The Canada Council’s Art Bank Foregrounds the G7 Summit

The Canada Council’s Art Bank offers art rental and consultation services to enhance events, public and office spaces. For the 2018 G7 Summit, hosted by Canada, the Global Affairs Canada Summits Management Office selected the Art Bank to make sure the arts were showcased at this major international gathering.

Art speaks of G7 themes and Charlevoix landscape
Over 80 works from the Canada Council’s Art Bank foregrounded discussions between world leaders. Art Bank consultant Claudio Marzano curated the selection to emphasize the themes of the Summit—in particular “Advancing gender equality and women’s empowerment,” “Working together on climate change, oceans and clean energy,” and “Building a more peaceful and secure world.”

Marzano worked with Summit designers to make sure the works reflected the surrounding area—the picturesque region of Charlevoix, Quebec on the north shore of the Saint Lawrence River—and complemented the setting of the historic Manoir Richelieu hotel. That’s why his selection included works by Alfred Pellan, one of the best-known twentieth-century Quebec painters, who spent time in Charlevoix in the 1940s after he returned from training in Paris.

Two works by Alfred Pellan: Untitled/Sans titre (1960) on the far left; and Le Modèle (1943-47) on the far right.

The power of the arts
The arts have an important role to play in Canada’s presence on the international stage. They express the values of our country, foster conversations around topics that are important to Canadians, and offer shared experiences that develop connections between Canadians and citizens of other countries.

Take a look at some of the selected works that shared centre stage with the leaders at the Summit—and which are now available for rent.

Framing Gender Equality and Women’s Empowerment
The Art Bank installation emphasized the Summit theme of gender equality with half of the works by men artists and half by women artists.

And the works lining the main hall—a central artery for the Summit—included those by prominent and pioneering women artists in Canadian and Quebecois art histories, including Marcelle Ferron, Lise Gervais and Rita Letendre.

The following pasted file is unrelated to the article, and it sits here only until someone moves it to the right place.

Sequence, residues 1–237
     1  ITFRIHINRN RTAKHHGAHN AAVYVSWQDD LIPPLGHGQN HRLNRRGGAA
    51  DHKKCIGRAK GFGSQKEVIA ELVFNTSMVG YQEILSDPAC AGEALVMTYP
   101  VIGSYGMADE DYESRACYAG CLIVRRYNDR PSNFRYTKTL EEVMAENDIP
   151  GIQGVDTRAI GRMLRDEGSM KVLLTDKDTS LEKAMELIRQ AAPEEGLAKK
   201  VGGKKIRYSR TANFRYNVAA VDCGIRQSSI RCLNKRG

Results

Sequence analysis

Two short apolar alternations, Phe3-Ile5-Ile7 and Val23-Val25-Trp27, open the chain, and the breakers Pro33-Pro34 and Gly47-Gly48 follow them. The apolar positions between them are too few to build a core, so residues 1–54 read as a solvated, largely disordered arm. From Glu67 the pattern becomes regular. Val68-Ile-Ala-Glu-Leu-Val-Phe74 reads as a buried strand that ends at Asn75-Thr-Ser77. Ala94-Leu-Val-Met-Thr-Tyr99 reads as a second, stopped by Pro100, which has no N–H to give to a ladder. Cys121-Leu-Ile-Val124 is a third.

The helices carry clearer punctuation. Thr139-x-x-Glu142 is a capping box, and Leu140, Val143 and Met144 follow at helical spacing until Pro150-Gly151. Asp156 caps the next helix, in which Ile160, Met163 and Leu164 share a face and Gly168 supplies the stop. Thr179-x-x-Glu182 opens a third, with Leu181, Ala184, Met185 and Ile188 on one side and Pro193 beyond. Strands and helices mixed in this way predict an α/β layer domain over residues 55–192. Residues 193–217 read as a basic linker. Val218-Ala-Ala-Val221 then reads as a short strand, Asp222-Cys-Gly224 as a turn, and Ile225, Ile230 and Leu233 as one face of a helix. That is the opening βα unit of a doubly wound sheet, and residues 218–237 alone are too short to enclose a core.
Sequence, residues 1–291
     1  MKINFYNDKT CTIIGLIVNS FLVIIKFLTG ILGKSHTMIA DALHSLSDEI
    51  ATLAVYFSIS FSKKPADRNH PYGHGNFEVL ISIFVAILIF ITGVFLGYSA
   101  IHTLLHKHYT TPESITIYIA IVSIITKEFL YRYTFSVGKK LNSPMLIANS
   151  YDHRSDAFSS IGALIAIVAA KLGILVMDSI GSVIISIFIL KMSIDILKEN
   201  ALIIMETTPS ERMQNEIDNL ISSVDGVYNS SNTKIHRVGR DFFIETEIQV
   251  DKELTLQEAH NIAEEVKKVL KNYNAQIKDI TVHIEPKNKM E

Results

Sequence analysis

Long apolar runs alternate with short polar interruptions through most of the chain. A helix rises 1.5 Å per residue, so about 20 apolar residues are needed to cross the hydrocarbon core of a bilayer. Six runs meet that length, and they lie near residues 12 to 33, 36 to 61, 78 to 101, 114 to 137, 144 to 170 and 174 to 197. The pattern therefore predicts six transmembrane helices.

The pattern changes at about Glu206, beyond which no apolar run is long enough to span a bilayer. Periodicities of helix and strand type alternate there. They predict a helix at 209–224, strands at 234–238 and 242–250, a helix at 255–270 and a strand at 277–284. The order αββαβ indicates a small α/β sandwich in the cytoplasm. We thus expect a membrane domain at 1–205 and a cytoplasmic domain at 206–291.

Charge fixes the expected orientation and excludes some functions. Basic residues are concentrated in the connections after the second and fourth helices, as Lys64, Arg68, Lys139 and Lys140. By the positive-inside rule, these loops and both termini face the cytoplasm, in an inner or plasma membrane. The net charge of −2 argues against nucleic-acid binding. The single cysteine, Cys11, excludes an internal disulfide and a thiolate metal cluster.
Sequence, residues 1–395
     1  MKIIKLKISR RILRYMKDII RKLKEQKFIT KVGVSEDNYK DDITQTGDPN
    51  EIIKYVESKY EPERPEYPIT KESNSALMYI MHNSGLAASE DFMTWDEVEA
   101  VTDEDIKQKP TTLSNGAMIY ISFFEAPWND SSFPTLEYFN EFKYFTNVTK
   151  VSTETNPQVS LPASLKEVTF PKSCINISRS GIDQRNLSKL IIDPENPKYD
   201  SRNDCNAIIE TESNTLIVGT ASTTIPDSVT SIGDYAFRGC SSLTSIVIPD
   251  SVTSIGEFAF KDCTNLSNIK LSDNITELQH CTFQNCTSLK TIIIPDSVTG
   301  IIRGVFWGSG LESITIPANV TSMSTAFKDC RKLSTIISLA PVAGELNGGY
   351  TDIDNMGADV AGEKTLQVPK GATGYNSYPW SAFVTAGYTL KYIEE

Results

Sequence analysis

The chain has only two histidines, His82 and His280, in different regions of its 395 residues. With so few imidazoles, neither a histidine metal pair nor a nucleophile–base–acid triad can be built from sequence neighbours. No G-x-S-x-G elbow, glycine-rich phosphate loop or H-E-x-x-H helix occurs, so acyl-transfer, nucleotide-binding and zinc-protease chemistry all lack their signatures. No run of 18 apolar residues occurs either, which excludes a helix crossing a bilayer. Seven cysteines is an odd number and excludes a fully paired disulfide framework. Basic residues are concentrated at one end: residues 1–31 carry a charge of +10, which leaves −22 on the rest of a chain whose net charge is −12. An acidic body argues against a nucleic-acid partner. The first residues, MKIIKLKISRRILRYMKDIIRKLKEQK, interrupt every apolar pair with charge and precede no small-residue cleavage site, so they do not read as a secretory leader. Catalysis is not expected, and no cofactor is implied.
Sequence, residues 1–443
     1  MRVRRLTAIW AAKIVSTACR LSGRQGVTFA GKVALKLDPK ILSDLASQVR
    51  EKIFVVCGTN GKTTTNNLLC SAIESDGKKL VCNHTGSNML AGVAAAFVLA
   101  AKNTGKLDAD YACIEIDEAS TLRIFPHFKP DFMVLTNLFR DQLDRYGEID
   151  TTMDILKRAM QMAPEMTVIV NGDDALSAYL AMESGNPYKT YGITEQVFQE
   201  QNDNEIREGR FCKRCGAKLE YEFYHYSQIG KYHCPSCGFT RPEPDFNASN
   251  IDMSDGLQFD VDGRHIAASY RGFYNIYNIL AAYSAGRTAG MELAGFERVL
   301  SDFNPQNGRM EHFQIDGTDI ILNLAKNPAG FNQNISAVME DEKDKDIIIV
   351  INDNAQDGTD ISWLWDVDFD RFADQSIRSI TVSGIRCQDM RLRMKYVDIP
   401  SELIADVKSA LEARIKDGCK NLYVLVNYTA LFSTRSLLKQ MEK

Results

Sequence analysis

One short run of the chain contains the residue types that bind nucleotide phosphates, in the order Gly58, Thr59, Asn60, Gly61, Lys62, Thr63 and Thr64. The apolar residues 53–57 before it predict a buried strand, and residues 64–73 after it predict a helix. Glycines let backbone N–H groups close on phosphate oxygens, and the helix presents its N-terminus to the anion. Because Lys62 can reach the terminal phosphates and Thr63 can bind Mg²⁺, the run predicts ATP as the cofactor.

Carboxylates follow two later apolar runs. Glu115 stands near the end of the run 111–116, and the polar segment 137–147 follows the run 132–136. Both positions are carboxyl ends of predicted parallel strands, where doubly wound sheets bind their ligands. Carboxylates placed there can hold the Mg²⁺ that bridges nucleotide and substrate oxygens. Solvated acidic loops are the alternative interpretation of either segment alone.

Pioneering Quebec women artists in the main hall: Marcelle Ferron’s La rive et l’écorce (1973) on the far left; and Rita Letendre’s Vers Cythère (1961) third from the left.

Overlapping Themes
At the end of the main hall, the Art Bank installed a grouping of works that centre on Sedna (Inuktitut: ᓴᓐᓇ, Sanna), goddess of the sea and marine animals in Inuit mythology. This display brought together the themes of both women’s empowerment and climate change and oceans. It also drew important attention to Indigenous cultures in Canada—and, in fact, over 50 works by Indigenous artists from the Art Bank travelled to Charlevoix for the Summit, including works by Norval Morrisseau, Pitseolak Ashoona, and Pudlo Pudlat.

A grouping of Sedna-related works, clockwise from the top: Egevadluq Ragee’s Cape Dorset Series – Woman in the sea (1977); Lasalie Joanasie’s Mermaid (2000); Annie Pitsiulak’s Sedna Luring a Fish (2002); and, Looter Paneak’s Sedna (2002).

A Recent Acquisition Takes Centre Stage
For the mantelpiece in the main meeting room—a meeting space exclusive to the G7 leaders—the Art Bank installed one of its most recent acquisitions: Katharine Harvey’s The Catch (2017). Harvey’s painting emphasizes the continued vibrancy of women artists in Canada—whose work the Canada Council Art Bank has been collecting from its earliest days.

Art Bank technicians install Katharine Harvey’s The Catch (2017) .

Contact us to find out how a Canada Council Art Bank consultant can help you curate these works for your event or space.

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